That being said, it is wise to have conversations regarding guardianship with those whom you know will be upset with your selection and work through those issues during your lifetime.  Further, you should update your selection as circumstances change, including aging, financial stability and interest.  It is not in your child’s best interest for them to be embroiled in a legal battle when they have already lost so much.

Sunday, July 29, 2012

The Importance for the LGBT Community to Engage in Estate Planning…

It is just as important, if not more important, for
couples of the same gender to engage in estate planning.
I was talking with a CPA specializing in estate planning about the unique tax issues that arise in domestic relationships. Specifically, she expressed that couples of the same gender, unlike married couples, have no IRS exclusion for property or monetary transfers between them. Such transfers could be subject to gift tax and transfer tax. If there are significant assets involved in a separation betweencouples of the same gender, even if the financial provider wanted to be fair with property division, the tax consequences may be prohibitive. After the lifetime exclusion of 5 million, which may go back to 1 million, the excess will have a gift tax imposed. The maximum gift tax rate in 2012 is 35%, and it may be raised in later years. The gift tax rate is a hefty tax for anyone to pay.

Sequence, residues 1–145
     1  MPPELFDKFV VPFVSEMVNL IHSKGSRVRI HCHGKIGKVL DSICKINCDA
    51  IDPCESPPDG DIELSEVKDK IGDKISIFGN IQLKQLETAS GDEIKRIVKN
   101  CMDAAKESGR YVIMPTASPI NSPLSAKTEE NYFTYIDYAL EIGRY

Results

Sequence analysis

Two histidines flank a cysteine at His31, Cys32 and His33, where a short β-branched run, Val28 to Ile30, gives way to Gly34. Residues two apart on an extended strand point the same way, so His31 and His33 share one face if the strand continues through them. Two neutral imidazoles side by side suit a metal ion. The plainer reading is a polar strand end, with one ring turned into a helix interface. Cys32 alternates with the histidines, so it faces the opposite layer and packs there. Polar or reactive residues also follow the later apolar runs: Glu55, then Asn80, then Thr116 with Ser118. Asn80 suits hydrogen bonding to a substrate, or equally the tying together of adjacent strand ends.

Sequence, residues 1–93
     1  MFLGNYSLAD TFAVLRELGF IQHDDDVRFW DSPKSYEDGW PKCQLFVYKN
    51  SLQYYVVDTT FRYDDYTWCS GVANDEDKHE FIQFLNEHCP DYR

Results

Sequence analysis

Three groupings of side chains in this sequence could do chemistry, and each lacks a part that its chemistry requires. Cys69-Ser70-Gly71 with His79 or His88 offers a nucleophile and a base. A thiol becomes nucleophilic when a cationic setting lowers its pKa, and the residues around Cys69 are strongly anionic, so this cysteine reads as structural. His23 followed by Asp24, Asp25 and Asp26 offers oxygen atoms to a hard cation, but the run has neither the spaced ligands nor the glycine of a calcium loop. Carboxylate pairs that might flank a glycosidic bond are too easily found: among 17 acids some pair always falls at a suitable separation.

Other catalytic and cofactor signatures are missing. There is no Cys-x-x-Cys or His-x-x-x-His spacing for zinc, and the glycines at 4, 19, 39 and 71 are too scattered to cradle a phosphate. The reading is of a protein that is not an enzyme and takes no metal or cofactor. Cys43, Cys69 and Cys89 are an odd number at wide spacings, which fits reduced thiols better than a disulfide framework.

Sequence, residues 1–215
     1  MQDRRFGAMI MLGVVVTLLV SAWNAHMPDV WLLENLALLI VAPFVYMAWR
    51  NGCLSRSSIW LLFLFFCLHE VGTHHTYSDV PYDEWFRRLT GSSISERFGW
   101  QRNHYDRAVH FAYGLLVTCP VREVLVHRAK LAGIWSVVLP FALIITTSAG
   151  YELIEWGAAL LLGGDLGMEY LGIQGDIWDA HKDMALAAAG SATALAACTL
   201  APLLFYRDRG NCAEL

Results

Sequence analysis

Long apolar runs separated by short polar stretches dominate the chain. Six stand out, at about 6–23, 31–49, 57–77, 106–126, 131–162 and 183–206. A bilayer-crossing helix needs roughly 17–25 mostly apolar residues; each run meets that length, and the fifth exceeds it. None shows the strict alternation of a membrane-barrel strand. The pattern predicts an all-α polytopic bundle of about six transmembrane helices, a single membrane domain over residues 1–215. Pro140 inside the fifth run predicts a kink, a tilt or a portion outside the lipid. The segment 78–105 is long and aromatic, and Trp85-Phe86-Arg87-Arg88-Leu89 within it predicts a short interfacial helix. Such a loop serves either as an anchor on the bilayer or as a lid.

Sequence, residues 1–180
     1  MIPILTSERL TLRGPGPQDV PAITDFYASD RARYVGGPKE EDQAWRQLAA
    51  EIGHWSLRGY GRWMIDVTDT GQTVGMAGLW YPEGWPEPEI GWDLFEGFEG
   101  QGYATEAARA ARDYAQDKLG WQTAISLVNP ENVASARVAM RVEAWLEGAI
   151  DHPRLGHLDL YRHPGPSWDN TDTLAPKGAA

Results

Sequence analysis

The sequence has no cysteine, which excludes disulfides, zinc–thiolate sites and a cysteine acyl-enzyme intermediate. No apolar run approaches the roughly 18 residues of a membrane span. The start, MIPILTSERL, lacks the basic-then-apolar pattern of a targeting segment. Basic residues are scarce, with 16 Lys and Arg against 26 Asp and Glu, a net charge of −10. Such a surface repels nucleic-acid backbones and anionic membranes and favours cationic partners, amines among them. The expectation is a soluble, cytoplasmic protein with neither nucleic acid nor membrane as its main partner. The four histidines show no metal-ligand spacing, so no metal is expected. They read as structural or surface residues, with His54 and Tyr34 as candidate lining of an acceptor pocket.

To the extent you can address tax situations as well as protect your relationship, cohabitation/domestic partnership agreements are advisable. They are particularly beneficial in the following situations:

1. when a second person's name is added to a deed after considerable equity has already been established in the home during ownership by the first owner. The agreement will help clarify ownership interest in the real estate.

2. when property purchased jointly is only held in one person's name

3. when one person is the financial provider and the other is a homemaker

4. when unequal contributions are made towards the purchase of jointly held property

5. when there is an interest in giving benefits or rights to another that are not required or available under the law

6. when assets are co-mingled or combined

7. when there are family members who may dispute the interest of a domestic partner.

It is always wise to have an agreement between couples of the same gender. There are many situations that we can not anticipate, and having an agreement in place is always helpful.

Call me today if you have questions pertaining to Estate Planning for the LGBT Community

Monday, July 23, 2012

Dark Knight Rises - Aurora, Colorado

President Barack Obama hugs Stephanie Davies, who helped keep her friend, Allie Young, left, alive after she was shot during the movie Aurora movie theater shootings in Aurora, Colorado.
When I heard about the tragedy Friday morning the 20th, my heart went out to all the families directly affected and all of us who can only imagine the pain.  We can not allow such senseless tragedy to take over even our simple pleasures.